Important Collectors Wristwatches, Po...

Geneva, Nov 14, 2009

LOT 319

Minute Repeating, Perpetual Calendar & Chronograph Attributed to LeCoultre, case No. 120819, retailed by Hauserzivy & Cie, Mexico-Paris. Made circa 1890. Very fine and rare, large, heavy, minute-repeating, 18K rose gold and diamond and ruby-set, hunting-cased, keyless pocket watch with perpetual calendar, chronograph, phases of the moon and lunar calendar.

CHF 45,000 - 65,000

USD 45,000 - 65,000 / EUR 30,000 - 45,000

Sold: CHF 52,800

C. Four-body, ?bassine et filets?, massive, the front cover decorated with translucent red enamel and set with a rose-cut diamond and ruby flower spray, engraved border and band, the back cover decorated to match with a rose-cut diamond-set star. Hinged gold cuvette with engine-turned border and engraved and enamelled with the technical details. Glazed gold-rimmed cover to view the movement. D. White enamel with radial Roman numerals, outer minute track and concentric five-seconds divisions, subsidiary dials for the date, days of the week, 4-year cycle and seconds, aperture for the moon phases with lunar calendar at the edge. Blued steel spade hands. M. 20???, rhodium-plated, 35 jewels, counterpoised straight-line lever escapement, cut bimetallic compensation balance, blued steel Breguet balance spring with overcoil, index regulator, visible chronograph work, repeating on gongs activated by a slide on the band. Cuvette signed by the retailer. Diam. 58 mm.

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Grading System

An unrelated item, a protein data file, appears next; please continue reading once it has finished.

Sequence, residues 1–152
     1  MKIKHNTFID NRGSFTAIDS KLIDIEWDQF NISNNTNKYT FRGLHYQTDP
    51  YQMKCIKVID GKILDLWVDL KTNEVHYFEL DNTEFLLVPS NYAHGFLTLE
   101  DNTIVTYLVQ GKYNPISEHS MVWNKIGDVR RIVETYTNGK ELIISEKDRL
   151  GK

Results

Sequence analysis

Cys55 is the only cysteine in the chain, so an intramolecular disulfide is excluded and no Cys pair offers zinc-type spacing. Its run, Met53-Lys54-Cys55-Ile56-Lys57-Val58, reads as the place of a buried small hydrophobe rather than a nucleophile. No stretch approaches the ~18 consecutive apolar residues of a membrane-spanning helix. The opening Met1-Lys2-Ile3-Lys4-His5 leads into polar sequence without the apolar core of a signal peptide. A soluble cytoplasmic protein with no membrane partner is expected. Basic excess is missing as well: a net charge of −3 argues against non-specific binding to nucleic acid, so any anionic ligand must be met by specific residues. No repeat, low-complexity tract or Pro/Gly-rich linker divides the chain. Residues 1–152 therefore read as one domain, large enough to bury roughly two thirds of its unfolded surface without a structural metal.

Grade: AAA


Case: 3


Movement: 3*


Overhaul recommended, at buyer's expense

Dial: 3-24-01


Slightly chipped

HANDS Original


What is a Perpetual Calendar? A perpetual calendar is a calendar mechanism which, unlike a simple calendar, automatically adjusts to the correct day of the month by accounting for the varying durations of each month, as well as self-correcting for the 29th of February during leap years. Audemars Piguet are said to have been the first to produce wristwatches with perpetual calendar and moon phases, in 1924. In 1925, Patek Philippe modified a lady?s pendant watch with perpetual calendar to produce the world?s first instantaneous changing perpetual calendar wristwatch with leap year indication.
What is a Minute Repeater? A minute repeating watch tells the time both visually and audibly. A slide on the side of the case, usually near the 9, will activate two hammers in the movement. These hammers strike two gongs curled within the case. First one hammer strikes a gong of lower tonality; it will count out the hours. Then both hammers will strike both gongs alternatively to count out the quarter hours after that hour, and then the second hammer alone striking a gong of higher tonality will count out the minutes after that quarter hour. The repeating mechanism was developed by Daniel Quare. In 1687, he had patented a mechanism that sounded the hours and the quarter hours. The early repeaters used bells. At the end of the 18th century, two bent-wire gongs became the more popular mechanism. In 1892, the first minute repeater wristwatch was produced by Omega, a model with a round-shaped case.